In Rodrigo Cortes’ Red Lights Sigourney Weaver plays Dr. Margaret Matheson who alongside her assistant Tom Buckly (Cillian Murphy) find scientific explanations to supernatural events. Matheson has reached a point in which she finds little joy in her work, as she and Buckly have pretty much debunked everyone. With the reappearance of infamous psychic/healer Simon Silver (Robert De Niro), Buckly suggests investigating him much to Matheson’s reluctance. There is a strange past between Silver and Matheson, and when a tragic event occurs Buckly goes on the offence trying to desperately prove that Silver is a fraud.
Writer/director Rodrigo Cortes does an okay job with this film. The script is effective, smart and occasionally funny. The themes concerning the afterlife, powers and beliefs are interesting and open up the doors for discussions. What we get in the film is a variety of characters fighting profusely for what they believe and those beliefs get challenged constantly. Is there an afterlife? Are there people out there with supernatural powers? If you’ve spend your whole life debunking “supernatural” occurrences how will that affect you? What do you think you know? All of these questions make things much more interesting, but it is unfortunate that none of them are explored that much. They are all replaced by cheap thrills.
What starts off as an in intriguing and thoughtful film quickly turns into a thriller that utilizes every trick in the book. Rodrigo Cortes blew people away, me included, with his excellent debut film Buried is utterly grasping for straws here in Red Lights. In Buried he was able to create not only some visually arresting shots, but also assemble a story that while simple never missed a beat. With Red Lights he has a bigger sandbox to play with and in the end nothing worthwhile comes into fruition. The scares aren’t scary, some of the characters actions towards each other seem to be triggered only to further the plot and not even the excellent cast can muster something special out of all this mess.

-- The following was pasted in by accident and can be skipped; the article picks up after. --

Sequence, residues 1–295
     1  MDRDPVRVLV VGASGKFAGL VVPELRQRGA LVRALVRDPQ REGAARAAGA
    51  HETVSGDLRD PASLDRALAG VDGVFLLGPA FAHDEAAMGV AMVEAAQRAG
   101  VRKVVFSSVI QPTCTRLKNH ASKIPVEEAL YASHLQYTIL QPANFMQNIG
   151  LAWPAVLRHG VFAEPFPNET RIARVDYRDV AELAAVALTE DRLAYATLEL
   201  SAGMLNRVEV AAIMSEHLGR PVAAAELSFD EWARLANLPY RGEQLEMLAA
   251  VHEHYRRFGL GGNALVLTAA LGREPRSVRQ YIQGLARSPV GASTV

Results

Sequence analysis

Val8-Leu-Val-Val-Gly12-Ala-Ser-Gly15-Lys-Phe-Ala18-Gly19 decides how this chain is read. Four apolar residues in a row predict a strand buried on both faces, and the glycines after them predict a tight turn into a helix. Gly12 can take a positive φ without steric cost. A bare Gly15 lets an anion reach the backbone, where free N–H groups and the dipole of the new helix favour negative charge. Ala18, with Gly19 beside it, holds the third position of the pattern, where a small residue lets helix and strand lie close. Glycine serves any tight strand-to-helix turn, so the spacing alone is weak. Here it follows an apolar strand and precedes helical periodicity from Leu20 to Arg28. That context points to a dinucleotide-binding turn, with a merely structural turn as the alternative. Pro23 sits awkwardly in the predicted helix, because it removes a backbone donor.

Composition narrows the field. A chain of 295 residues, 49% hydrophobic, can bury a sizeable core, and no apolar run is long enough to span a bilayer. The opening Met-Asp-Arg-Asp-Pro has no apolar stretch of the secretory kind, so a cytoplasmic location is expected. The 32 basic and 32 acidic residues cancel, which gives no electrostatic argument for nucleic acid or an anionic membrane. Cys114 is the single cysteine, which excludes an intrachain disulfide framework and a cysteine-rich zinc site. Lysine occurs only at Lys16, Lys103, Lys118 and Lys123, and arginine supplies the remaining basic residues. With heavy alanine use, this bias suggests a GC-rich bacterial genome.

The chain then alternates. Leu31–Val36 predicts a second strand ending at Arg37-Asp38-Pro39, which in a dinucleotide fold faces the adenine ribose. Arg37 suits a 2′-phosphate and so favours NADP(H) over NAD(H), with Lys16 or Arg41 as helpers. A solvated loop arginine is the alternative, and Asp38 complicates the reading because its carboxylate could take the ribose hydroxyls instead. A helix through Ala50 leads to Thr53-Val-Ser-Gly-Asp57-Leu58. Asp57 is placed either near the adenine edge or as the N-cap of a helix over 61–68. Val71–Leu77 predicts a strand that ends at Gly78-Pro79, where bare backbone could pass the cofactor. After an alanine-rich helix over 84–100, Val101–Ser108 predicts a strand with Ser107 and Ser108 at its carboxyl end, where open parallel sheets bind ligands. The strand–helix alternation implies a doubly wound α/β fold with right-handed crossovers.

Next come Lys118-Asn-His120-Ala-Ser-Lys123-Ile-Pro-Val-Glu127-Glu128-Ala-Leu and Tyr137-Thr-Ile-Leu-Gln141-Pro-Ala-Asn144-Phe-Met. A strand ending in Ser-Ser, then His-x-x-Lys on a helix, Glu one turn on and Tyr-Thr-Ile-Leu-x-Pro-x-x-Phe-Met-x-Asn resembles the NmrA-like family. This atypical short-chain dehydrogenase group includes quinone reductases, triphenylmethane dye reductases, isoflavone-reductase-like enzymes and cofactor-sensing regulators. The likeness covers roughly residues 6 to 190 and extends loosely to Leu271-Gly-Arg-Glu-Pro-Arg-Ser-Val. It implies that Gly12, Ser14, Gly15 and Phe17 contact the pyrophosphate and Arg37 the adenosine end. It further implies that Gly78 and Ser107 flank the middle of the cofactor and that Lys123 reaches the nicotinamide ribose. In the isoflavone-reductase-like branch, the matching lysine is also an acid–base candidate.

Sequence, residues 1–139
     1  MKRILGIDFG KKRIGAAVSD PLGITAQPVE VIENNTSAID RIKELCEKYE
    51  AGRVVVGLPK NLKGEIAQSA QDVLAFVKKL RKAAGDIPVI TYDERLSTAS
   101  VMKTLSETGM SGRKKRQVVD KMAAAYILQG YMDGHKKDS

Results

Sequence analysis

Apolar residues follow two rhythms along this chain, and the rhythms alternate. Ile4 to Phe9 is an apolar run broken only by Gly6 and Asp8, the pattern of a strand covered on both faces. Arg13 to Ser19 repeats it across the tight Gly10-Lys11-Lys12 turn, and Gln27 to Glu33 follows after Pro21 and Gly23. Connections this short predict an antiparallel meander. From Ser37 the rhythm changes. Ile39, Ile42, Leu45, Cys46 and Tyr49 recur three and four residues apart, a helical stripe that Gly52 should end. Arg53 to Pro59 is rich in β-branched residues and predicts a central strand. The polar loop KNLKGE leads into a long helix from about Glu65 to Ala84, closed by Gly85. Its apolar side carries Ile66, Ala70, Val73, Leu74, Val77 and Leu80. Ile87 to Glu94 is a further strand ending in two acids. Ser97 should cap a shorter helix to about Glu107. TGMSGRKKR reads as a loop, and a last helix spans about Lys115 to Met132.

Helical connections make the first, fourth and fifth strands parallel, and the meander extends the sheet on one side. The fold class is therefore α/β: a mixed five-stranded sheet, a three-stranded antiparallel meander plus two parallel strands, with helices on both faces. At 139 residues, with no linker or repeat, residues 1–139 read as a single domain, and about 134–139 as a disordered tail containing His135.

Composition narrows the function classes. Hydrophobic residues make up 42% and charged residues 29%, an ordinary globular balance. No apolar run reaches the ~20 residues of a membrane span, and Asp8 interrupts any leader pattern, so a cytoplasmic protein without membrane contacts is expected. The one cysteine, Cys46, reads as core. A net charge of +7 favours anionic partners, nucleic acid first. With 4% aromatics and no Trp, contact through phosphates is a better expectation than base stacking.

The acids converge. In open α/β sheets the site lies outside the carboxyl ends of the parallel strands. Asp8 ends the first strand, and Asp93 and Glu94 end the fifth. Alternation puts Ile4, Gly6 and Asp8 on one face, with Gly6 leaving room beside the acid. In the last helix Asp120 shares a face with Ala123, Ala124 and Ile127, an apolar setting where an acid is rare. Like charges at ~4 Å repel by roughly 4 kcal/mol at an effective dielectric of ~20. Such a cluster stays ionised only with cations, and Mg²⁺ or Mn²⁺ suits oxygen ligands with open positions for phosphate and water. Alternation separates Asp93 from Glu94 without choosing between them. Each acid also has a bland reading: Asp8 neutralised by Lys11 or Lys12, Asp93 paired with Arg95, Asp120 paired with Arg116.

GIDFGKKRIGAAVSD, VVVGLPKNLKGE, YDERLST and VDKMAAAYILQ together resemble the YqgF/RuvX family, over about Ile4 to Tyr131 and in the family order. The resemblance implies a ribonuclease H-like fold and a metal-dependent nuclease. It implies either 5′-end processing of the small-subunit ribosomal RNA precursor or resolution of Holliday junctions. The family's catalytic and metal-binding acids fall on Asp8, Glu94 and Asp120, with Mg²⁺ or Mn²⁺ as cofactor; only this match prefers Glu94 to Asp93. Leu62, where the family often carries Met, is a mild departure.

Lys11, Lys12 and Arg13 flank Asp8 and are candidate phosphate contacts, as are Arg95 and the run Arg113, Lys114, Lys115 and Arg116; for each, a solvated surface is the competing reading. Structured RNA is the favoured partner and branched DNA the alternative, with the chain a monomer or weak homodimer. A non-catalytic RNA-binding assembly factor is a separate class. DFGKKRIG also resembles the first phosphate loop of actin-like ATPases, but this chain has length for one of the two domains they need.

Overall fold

The always reliable Cillian Murphy is okay in the film although I expected much more from him. There is a certain point later on in the film where his character turns from a charismatic, intelligent and mysterious man to a paranoid idiot whose default is to scream in your face. Murphy goes over-the-top way too much and I for one was left very disappointed. Robert De Niro is also okay but I have to admit that this particular role is just so strange on him. He doesn’t really sell the whole powerful psychic/healer and in certain situations I found him laughably bad. De Niro also defaults into simply screaming at people later on in the film. The only good performance comes from Sigourney Weaver. She brings real gravitas, empathy and careful analysis to the proceedings. It is because of her that the first half is so enjoyable.
My initial reluctance to watch this film was justified after the fact. Those trailers didn’t sell the film that well and even though the concept of Red Lights was interesting, I could see that it wouldn’t deliver. Rodrigo Cortes has assembled a film that starts off pretty great but dives down into conventional notions of thrillers that achieve nothing but annoyance and unintentional laughter. The cast does what they can with the material but I’d say that the reason why most of them falter is because of bad direction. The two male leads feel like cartoons after the first half and they are not even that enjoyable to watch. In truth, the only reason why I didn’t shut the film off was to see the final showdown that the trailers hinted at. There is no such thing and everyone would do well to skip this film all together.
- enternechoplex posted this